Author: Jonathan Safran Foer
Published: September, 2010
99% of the meat we consume comes from factory farms. This is an incredible statistic. Yes, those same factory farms featured in documentaries and undercover PETA footage, showing diseased animals writhing on steel floors and hooks as they bleed out under phospherescent lights. Those same farms that produce massive lagoons of animal feces and flesh. Those same factory farms that spread disease and misery amongst the animals and the employees. Those factory farms we don’t like to see or even think about because they’re so disgusting, and because, well, our burger tastes so good.
Very few books have the power to change your life. Eating Animals, by Jonathan Safran Foer, is one of them. A brilliant, blistering, thoroughly researched and passionate work on what it means to be a modern day meat eater. Yes, it’s hard to read at times. The sinister and depraved practices taking place at factory farms all over the world, every second of every day, can leave one feeling shaken. But it takes a writer of uncommon ambition and courage to detail these houses of horror, and then flip the reader’s feelings of disgust, powerlessness and pity, into a determination to change behaviors and rebel against the deceptions of the industry.
Foer makes no compromises and tells no half-truths. This is no feel good tale where readers are given a pass. The harsh reality is, if you choose to eat meat, you are supporting the systematic torture and suffering of billions of animals, the degradation and destruction of our beautiful planet, and helping to foment the next world wide pandemic. It’s scary stuff, and it hit me like a thunderbolt.
I’ve eaten meat my entire life, pretty much on a daily basis. Backyard BBQ’s, cookouts, crawfish boils, taco-fests, burgers at the bar - just tell me where and when. I picked up Eating Animals on a whim at a book fest. As a new father, I thought it could make for interesting reading, and help inform me about what foods I should avoid giving my daughter. Foer, who had dabbled with vegetarianism in college but never fully committed, wrote the book for the same reason. He wanted to explore the moral dimensions of what foods he was going to put on his baby son’s plate. This simple mission turned into a sprawling multi-year investigation which eventually turned into Eating Animals.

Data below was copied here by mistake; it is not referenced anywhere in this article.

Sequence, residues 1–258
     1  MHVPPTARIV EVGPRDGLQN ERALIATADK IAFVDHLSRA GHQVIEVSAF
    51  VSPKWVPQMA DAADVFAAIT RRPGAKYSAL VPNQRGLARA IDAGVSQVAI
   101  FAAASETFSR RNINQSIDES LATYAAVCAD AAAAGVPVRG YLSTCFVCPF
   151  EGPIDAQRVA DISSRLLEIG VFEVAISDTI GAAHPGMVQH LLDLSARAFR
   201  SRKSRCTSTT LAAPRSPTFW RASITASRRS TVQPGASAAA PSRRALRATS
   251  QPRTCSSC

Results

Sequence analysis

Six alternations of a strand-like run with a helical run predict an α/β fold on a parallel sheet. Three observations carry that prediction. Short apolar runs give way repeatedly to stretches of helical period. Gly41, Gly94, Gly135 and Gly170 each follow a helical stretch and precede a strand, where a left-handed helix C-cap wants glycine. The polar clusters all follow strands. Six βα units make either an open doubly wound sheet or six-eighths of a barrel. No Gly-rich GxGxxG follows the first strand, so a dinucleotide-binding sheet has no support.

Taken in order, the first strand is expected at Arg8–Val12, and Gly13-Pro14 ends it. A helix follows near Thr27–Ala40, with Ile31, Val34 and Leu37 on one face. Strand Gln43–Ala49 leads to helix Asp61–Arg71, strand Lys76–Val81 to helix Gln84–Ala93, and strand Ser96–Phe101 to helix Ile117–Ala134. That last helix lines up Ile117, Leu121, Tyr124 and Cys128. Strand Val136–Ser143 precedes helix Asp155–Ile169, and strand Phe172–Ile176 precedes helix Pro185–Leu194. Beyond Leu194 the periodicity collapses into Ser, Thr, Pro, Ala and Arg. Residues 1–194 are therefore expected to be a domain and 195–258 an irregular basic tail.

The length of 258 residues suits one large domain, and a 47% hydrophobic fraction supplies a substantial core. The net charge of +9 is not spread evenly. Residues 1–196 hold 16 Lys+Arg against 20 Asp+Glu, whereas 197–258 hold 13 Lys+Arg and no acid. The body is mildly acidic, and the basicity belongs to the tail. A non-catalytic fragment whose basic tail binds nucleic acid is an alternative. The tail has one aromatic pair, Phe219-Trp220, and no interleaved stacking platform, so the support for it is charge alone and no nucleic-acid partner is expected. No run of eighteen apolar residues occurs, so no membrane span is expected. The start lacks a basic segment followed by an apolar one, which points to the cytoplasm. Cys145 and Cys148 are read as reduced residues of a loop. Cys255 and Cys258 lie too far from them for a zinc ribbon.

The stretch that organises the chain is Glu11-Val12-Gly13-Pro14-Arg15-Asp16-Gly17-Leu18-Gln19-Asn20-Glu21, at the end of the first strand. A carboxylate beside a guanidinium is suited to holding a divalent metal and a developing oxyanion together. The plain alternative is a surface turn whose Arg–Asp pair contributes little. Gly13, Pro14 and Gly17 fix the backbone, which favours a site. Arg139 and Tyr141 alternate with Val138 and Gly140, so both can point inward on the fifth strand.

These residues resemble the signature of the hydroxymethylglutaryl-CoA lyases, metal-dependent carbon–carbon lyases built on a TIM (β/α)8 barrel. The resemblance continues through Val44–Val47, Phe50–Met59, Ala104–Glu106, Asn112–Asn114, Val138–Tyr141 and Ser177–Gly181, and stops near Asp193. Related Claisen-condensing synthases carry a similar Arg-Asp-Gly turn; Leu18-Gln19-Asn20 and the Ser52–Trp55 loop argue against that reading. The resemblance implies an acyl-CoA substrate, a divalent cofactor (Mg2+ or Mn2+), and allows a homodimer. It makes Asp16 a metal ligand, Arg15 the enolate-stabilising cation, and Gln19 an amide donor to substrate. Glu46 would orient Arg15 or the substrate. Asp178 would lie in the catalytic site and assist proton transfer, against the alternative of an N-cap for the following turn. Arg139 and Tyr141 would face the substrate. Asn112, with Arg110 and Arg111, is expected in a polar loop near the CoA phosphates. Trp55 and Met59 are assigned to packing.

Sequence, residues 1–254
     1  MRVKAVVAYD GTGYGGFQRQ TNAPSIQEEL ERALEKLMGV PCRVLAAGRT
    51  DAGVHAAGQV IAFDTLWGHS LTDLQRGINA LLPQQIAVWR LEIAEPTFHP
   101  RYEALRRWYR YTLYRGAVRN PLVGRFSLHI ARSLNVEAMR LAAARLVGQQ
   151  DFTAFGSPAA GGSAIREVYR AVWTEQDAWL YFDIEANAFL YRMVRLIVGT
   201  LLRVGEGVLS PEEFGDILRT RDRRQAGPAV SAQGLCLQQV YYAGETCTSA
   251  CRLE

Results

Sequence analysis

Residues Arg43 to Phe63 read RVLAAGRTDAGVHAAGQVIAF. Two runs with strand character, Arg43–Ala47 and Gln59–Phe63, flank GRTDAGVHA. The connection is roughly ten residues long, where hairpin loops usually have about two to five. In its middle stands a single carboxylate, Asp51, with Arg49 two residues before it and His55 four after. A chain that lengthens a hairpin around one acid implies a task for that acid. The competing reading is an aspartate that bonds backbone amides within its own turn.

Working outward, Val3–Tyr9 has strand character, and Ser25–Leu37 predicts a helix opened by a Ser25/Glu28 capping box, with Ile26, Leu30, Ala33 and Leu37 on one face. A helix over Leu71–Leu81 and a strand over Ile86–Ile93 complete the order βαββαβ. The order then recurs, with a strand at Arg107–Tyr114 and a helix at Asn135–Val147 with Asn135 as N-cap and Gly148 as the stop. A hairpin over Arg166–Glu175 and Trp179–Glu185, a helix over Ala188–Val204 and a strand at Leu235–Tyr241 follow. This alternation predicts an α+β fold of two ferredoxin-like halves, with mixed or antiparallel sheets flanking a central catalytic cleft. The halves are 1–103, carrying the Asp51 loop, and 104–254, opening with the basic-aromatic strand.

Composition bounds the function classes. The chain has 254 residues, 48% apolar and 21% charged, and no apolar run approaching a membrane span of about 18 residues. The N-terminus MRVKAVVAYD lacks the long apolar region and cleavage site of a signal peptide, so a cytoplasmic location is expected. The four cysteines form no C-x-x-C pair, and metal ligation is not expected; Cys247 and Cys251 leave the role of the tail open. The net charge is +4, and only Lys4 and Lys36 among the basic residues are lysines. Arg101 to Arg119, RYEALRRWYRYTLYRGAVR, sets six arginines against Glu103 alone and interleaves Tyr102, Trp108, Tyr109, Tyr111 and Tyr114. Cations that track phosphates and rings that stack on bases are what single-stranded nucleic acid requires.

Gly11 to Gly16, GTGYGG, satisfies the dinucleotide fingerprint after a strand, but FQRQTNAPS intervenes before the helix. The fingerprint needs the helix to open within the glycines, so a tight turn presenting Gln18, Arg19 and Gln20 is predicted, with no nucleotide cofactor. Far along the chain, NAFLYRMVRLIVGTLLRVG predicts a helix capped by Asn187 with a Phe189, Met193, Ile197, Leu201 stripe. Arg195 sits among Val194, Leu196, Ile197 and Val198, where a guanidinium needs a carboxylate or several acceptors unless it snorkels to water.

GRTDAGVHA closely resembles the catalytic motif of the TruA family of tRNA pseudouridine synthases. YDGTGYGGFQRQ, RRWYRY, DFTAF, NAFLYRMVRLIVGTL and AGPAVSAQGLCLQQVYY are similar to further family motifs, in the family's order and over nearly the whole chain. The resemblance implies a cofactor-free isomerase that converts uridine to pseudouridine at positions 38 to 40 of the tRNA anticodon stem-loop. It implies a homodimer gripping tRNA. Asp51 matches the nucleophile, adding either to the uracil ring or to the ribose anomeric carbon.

Foer tackles the many problems of factory farming with the same ferocity that the meat industry employs in the pursuit of profits. Each area is reason enough to turn down your next hot dog.
Animal agriculture makes a 40% greater contribution to global warming than all transportation in the world combined; it is the number one cause of climate change.
I always knew raising and slaughtering livestock was bad for the environment, but I had no idea it was the top cause of global warming. Foer goes beyond that breathtaking statistic to cover the less obvious evils as well - land degradation, spills and river contamination, loss of biodiversity, air pollution, water shortages, etc. And that’s not to mention the massive contaminated shit lagoons. With over seven billion people on earth, there are over seventy billion cows to meet our meat demands. The amount of land needed to graze and grow food for this many cows knows no bounds. Over 100 yards of rainforest are destroyed every second to make way for cows. Seven million pounds of feces are produced daily, with no sustainable way to dispose of it. Two thousand gallons of water are needed to raise and slaughter a pound of meat. Foer puts it simply, “Someone who regularly eats factory-farmed animal product cannot call himself an environmentalist without divorcing the word from its meaning.”
The lives and deaths that billions of chickens, turkeys, cows, pigs and fish have to endure while imprisoned inside concealed factory farms is truly horrifying. Cages and crates so small animals can’t turn around. There are countless chickens whose nails have grown around the grating underneath their feet. There are pigs that turn insane when confined to a gestation crate and begin chewing the tails off of the unfortunate pigs in front of them. Salmon with soars and skin disease huddled into makeshift pools. Combine that with unnatural diets, no natural light and feces and corpses everywhere, - one would hope for the merciful release of death. Unfortunately a quick and painless death isn’t a given to all. As Foer puts it, “The combination of line speeds that have increased as much as 800 percent in the past hundred years and poorly trained workers laboring under nightmarish conditions guarantees mistakes.” As a result, huge quantities of animals are bled, skinned and dismembered while conscious every day. These places are truly houses of horror.